Differences between border and air travel

Currently, the late October proclamation requiring vaccination and testing applies only to air travel into the United States.

As of November 8, 2021, non U.S. citizens can enter the U.S. for nonessential travel with proof of full vaccination and with proper documentation. Those seeking entry based on essential travel are not required to be vaccinated at this time.

However,  new provisions announced by the White House will require all non-U.S. travelers entering from Canada and Mexico to be fully vaccinated starting in January 2022 whether coming for essential or nonessential purposes.

Further details about those measures can be found below and on the Customs and Border Protection (CBP) website.

Tips for holiday travel

While the lifting of the travel bans will make the U.S. more accessible to foreign nationals who already hold valid visas and travel documents, for those needing to secure visas or travel documents, unfortunately delays at the U.S. Consulates aboard remain. Garfinkel Immigration encourages those seeking to schedule an appointment at an embassy/consulate to monitor the consulate websites for scheduling information and updates as they plan holiday travel.

Given the expected increase in international travel over the winter holidays, coinciding with the lifting of most COVID-19 restrictions, Garfinkel Immigration offers some tips for traveling internationally in the coming months:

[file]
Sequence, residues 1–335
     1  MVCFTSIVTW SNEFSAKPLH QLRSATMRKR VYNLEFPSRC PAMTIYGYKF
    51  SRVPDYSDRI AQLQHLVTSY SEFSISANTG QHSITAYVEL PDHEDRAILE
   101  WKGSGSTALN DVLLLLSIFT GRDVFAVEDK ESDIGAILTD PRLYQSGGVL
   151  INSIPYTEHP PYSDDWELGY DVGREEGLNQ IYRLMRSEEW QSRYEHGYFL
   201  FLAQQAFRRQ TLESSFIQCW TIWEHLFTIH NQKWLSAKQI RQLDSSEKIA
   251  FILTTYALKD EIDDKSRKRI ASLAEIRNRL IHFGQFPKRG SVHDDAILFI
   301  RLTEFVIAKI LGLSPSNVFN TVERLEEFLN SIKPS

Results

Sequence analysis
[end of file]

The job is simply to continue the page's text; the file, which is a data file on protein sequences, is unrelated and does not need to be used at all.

For air travel

As airports and airlines are expected to be busy during the holiday season, when traveling to the U.S. via air the following is recommended:

  • Ensure all members of the traveling party have met the vaccination and testing requirements to avoid being denied boarding onto an aircraft or entry into the U.S.
  • All travelers should have their vaccination information as well as proof of negative COVID-19 test readily available and accessible. This could help prevent delays and avoid slowing down the process.
  • If traveling with children younger than 18 who are exempt from the vaccination requirement, ensure proper documentation showing proof of age is easily available.
  • Consider installing and utilizing the CBP mobile app, which allows travelers to submit their passport and customs declaration information on their smartphone or other mobile device. Travelers who use the app “may experience shorter wait times, less congestion and efficient processing,” because they will not have to complete a paper form or use an APC kiosk, according to CBP.